Duty Calls (Dunkirk 1)
Private Johnny Hawke joins up at 15, and finds himself in France on the losing side of the early engagements of WWII. His story is told in intimate, platoon-level detail, with an emphasis on realism. Death happens. Mutilation happens. The blood and gore is described in language suitable to make Hawke vomit. Similarly, when Hawke squeezes the trigger, kills his first German, it isn’t allowed to be an impersonal killing. Later he comes across the body, sees the dead man’s waxy face, searches through the pockets to find family pictures. War isn’t all heroism and excitement, either: it is dirty, tired, confused, and arbitrary – and awash with bully-beef and over-sweet tea.
I read this with my 8-year-old, who loved it. For me there appeared to be some problems: the characterization is often wooden, there is an over-emphasis on details of army organisation (companies, battalions etc., and who commands who), and it sometimes juggles history uncomfortably with the more Call of Duty video-game element. My son didn’t feel this. He enjoyed the camaraderie, the sergeant-who-knows-better-than-his-lieutenant, the blindness of a Panzer to men-up-close, the sense that you’re really there, that this could be you, and that war really does have heroism as well as misery. And, actually, he would also adore a video game based on the book!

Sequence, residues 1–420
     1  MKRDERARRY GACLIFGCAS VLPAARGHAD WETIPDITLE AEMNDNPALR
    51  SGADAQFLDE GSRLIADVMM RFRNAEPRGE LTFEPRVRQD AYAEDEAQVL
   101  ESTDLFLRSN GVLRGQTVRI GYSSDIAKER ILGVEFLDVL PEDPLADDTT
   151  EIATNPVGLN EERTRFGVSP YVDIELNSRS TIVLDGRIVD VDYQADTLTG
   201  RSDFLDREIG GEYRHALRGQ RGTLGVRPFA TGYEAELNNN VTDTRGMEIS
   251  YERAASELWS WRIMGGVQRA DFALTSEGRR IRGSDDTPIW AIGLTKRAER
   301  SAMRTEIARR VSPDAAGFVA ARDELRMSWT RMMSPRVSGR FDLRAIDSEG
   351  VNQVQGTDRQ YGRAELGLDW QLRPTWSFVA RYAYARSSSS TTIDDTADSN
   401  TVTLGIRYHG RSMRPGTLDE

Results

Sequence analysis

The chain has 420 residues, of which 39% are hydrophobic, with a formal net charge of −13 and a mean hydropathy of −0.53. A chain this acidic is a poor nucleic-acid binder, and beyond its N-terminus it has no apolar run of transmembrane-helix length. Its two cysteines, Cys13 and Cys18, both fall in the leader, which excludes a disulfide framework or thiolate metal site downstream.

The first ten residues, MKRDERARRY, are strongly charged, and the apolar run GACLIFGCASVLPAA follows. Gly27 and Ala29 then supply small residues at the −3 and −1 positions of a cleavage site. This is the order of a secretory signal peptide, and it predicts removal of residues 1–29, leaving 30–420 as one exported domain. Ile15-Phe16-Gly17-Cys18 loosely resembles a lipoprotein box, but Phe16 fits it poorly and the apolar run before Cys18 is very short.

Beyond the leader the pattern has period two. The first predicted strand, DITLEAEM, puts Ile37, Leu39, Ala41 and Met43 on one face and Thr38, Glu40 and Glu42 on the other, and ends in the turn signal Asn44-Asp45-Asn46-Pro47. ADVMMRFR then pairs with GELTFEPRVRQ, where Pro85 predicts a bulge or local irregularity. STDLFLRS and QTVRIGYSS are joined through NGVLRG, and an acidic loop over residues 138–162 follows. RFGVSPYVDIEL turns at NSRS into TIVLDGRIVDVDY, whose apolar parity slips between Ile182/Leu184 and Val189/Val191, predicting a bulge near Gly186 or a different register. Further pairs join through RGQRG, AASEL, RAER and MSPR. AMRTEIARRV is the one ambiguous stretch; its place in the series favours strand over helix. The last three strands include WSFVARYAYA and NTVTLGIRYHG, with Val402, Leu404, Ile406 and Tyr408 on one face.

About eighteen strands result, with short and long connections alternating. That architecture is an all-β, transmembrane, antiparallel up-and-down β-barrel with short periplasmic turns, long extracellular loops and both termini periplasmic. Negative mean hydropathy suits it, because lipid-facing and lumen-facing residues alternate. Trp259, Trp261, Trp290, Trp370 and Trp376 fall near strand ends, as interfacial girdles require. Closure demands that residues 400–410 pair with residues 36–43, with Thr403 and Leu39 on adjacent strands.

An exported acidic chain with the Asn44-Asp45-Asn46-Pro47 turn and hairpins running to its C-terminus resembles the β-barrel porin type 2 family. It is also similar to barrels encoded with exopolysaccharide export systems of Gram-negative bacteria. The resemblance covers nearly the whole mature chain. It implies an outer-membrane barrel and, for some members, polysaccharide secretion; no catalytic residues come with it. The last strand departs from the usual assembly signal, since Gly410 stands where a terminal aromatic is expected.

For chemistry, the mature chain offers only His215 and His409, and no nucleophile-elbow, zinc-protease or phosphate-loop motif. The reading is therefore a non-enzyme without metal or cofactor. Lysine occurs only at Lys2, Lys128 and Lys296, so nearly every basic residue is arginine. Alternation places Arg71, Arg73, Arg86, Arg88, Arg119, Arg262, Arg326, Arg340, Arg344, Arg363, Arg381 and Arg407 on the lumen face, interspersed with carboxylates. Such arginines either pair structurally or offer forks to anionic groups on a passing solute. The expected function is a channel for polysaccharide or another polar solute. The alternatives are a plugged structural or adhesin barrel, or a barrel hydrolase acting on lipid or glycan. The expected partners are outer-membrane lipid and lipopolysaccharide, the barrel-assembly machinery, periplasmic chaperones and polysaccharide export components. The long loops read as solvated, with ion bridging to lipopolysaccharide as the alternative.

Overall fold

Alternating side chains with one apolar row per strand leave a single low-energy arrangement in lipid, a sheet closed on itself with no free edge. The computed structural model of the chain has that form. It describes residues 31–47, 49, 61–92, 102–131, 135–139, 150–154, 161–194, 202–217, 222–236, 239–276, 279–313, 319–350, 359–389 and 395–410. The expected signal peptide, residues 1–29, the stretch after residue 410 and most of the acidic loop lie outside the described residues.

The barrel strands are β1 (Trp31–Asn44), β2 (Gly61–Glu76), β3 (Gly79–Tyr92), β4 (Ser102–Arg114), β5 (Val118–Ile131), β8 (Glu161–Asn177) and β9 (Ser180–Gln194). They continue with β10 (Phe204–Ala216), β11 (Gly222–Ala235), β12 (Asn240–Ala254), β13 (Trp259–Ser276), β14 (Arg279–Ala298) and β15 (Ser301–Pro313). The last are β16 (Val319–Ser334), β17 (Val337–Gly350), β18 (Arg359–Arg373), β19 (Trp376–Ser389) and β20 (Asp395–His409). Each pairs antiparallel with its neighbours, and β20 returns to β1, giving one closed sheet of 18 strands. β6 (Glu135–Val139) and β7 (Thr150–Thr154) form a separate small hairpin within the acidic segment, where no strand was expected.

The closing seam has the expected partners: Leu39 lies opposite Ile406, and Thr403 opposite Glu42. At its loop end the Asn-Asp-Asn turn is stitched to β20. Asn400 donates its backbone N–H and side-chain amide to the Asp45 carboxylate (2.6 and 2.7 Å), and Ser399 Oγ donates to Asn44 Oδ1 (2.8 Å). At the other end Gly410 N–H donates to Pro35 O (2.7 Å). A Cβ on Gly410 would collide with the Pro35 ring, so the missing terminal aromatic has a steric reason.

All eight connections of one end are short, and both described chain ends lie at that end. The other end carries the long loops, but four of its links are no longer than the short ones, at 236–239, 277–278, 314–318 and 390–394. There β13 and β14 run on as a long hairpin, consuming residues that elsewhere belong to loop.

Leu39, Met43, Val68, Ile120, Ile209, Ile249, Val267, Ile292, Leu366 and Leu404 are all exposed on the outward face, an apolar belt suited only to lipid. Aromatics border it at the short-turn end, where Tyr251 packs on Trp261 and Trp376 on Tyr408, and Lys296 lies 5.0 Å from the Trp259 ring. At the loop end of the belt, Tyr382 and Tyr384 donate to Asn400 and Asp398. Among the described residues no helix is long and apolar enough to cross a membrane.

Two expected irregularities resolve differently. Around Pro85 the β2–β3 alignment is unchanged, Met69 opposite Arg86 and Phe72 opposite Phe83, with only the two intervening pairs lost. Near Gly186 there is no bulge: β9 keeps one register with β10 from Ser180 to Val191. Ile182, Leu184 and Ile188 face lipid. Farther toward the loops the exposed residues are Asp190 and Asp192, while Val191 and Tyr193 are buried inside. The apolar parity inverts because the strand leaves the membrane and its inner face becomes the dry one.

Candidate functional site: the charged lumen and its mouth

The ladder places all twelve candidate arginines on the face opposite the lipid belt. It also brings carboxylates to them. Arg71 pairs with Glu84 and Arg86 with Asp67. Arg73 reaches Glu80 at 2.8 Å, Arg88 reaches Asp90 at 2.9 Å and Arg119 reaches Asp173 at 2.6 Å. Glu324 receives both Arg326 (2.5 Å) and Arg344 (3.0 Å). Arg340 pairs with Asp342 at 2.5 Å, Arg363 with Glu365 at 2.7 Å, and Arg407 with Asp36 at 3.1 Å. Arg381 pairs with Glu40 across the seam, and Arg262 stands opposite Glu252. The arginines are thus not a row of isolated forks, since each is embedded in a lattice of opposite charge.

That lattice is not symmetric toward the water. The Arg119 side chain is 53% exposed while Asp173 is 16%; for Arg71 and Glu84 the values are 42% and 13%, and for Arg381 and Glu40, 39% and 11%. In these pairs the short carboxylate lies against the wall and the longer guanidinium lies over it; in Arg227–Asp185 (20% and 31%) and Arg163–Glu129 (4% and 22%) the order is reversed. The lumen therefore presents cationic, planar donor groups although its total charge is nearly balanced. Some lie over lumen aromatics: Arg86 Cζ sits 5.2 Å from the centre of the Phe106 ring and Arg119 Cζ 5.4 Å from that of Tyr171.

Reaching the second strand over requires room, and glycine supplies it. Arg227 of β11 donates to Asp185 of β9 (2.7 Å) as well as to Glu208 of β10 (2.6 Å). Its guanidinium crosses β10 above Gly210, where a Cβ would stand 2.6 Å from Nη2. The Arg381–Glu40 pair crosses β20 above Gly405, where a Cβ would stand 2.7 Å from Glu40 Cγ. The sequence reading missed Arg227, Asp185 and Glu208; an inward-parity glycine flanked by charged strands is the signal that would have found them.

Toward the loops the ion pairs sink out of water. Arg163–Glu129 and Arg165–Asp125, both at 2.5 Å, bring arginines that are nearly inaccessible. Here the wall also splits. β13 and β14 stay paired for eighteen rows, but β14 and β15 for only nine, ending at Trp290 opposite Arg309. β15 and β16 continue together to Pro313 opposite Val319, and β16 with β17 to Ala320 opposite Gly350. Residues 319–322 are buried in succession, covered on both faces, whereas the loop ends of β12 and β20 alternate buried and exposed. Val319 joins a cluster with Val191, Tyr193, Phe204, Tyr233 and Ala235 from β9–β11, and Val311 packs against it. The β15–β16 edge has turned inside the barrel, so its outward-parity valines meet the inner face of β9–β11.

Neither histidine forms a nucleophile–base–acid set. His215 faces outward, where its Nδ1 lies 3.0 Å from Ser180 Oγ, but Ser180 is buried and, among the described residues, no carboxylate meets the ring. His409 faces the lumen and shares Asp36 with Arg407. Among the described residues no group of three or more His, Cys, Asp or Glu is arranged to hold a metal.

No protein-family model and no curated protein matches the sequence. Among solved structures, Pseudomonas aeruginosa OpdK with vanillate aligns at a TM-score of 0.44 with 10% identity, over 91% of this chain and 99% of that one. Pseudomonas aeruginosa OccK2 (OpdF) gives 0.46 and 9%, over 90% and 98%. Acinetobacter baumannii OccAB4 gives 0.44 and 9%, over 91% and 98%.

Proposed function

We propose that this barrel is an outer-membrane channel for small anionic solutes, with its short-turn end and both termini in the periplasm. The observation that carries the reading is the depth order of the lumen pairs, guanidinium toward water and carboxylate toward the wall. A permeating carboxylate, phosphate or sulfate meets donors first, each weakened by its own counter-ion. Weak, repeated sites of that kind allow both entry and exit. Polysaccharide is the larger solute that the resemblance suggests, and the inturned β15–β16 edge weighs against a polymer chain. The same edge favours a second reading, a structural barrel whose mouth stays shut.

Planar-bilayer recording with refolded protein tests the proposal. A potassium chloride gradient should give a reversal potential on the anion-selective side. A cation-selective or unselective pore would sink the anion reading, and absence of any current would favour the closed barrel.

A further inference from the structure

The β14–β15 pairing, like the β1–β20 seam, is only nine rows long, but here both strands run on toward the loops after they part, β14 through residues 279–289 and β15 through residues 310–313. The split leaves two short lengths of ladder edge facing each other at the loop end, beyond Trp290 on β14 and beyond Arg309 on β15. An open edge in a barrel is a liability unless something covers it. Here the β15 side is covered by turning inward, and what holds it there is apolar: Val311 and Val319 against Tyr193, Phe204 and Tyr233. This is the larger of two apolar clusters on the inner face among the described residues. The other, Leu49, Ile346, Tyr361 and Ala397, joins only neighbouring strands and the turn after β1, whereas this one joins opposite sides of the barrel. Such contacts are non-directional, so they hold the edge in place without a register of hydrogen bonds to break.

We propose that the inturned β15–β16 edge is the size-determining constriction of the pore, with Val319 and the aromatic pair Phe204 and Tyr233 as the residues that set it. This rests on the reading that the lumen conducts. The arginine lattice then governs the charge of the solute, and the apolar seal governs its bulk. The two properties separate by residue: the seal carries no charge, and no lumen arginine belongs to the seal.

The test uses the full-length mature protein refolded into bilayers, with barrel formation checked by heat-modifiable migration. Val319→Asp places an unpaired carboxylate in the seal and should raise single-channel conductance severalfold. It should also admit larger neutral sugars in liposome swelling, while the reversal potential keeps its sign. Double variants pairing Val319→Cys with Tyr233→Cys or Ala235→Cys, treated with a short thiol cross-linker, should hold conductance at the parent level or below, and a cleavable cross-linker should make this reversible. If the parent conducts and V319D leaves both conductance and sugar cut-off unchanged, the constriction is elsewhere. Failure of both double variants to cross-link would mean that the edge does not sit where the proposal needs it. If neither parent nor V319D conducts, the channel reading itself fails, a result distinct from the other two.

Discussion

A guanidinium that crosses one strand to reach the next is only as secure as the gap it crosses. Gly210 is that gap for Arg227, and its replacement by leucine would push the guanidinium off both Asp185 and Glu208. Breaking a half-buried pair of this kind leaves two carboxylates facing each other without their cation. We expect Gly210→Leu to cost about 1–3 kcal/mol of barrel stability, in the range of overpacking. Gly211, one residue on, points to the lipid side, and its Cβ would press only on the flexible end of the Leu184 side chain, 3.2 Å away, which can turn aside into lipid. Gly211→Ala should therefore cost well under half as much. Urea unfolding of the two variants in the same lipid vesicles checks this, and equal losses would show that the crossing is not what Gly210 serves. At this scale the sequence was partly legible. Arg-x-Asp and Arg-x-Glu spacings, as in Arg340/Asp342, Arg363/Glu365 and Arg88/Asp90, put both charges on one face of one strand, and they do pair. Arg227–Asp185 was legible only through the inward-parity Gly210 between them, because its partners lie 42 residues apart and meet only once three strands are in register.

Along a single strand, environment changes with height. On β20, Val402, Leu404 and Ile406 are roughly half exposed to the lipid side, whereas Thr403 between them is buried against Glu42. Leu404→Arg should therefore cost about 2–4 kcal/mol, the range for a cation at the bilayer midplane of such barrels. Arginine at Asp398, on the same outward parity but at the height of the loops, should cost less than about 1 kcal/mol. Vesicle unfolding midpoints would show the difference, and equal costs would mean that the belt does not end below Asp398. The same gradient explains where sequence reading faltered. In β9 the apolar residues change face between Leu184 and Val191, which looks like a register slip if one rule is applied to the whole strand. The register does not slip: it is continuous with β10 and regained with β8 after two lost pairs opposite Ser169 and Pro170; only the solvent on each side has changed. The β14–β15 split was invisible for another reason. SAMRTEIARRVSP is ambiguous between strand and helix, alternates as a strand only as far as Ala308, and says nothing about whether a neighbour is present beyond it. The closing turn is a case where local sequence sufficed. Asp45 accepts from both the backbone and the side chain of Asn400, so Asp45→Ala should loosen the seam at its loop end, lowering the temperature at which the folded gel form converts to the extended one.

This is for 12-year-olds and upwards. I’m not certain the formula is quite at its best yet, but it offers a welcome middle ground between Commando magazine and war documentaries. Next up is the Battle of Britain – about which Holland has already written an excellent general account for adults – and our family will be buying it.